2.5 On 23 August 2002, the author requested that the Minister of Defence take disciplinary action in order to curtail Colonel G.A.’s harassment, having learned that the Colonel had, among other things, refused to accept the sick-leave certifications that had been submitted to him. This request prompted an investigation during which the circumstances surrounding the author’s sick leave and illness were examined for the first time. This investigation did not begin until 22 November 2002, however. In December 2002, Colonel G.A. was charged with misconduct in respect of the author. Colonel G.A. was tried in October 2005 and was ultimately acquitted.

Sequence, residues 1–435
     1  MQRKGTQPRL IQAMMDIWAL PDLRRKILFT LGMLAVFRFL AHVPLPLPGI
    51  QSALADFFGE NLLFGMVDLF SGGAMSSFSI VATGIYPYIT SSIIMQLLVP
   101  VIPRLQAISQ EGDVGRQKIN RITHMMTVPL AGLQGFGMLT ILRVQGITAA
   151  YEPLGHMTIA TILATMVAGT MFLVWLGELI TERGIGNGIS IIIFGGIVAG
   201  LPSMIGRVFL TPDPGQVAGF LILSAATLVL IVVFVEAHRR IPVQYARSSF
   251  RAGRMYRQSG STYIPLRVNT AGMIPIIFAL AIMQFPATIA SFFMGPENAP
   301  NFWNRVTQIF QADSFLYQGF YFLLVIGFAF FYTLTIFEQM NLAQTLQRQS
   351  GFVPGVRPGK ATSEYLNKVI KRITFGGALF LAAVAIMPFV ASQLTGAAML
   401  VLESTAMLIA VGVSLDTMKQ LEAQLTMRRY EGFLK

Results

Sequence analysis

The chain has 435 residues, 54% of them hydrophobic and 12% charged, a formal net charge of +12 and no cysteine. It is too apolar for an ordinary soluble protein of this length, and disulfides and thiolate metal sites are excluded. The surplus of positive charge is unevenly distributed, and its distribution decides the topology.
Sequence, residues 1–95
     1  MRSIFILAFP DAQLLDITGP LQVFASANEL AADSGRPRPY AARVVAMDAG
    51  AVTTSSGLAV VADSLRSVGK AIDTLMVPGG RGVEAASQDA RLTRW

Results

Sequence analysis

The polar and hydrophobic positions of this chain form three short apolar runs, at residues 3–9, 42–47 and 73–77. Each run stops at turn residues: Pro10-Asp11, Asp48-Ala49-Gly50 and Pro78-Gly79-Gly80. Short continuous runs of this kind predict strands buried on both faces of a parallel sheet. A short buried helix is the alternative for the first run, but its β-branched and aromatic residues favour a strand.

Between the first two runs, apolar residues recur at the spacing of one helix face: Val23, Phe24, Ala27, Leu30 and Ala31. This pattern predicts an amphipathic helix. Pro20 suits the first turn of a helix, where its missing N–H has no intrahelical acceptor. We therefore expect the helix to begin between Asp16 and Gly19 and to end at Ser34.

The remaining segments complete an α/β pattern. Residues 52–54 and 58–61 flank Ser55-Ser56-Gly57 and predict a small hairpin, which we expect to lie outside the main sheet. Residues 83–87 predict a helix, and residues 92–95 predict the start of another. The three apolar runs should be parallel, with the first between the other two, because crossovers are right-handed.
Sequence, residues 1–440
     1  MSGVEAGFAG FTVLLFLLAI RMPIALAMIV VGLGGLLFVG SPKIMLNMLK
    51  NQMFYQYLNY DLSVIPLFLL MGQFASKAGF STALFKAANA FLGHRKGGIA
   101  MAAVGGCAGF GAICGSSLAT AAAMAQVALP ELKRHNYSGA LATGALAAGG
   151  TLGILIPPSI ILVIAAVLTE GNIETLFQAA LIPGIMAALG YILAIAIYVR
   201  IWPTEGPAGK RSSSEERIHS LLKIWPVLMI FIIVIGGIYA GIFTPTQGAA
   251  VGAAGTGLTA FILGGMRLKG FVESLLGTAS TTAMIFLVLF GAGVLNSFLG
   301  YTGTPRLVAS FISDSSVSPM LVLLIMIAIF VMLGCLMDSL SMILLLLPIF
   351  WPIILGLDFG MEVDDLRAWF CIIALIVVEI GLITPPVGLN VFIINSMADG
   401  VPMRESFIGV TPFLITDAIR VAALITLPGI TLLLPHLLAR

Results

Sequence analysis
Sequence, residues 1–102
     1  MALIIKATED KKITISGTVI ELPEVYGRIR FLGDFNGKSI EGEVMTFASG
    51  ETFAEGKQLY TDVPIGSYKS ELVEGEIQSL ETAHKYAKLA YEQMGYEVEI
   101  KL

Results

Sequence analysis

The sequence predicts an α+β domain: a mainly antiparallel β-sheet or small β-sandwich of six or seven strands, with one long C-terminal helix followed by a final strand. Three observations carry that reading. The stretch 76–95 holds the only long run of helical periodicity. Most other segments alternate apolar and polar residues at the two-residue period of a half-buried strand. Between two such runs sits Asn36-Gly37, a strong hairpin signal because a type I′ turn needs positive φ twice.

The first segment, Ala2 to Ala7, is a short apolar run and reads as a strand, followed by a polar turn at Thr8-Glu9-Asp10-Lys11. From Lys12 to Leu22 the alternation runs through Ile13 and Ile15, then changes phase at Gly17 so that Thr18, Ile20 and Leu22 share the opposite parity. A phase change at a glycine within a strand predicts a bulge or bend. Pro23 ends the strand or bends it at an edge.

2.6 On 20 September 2002, the author was summoned to a barracks in Asturias to collect an official letter inviting his submissions in relation to his proposed removal. When his father, who was legally empowered to represent the author, went to collect the letter on his son’s behalf, the authorities refused to release the letter to him on the grounds that it was a confidential document. The letter was not sent to the author’s home until many months later, after it had been specifically requested from the authorities and the author had already been removed from his position. The author asserts that the report in which the Colonel proposed his removal was not attached to the official letter and that he could therefore not make any counterclaims on this basis.

2.7 Colonel G.A. made various unfounded allegations against the author on different occasions, holding him responsible for a number of serious infractions and offences. All of these allegations were dismissed and the author was not found to be responsible in any of these instances.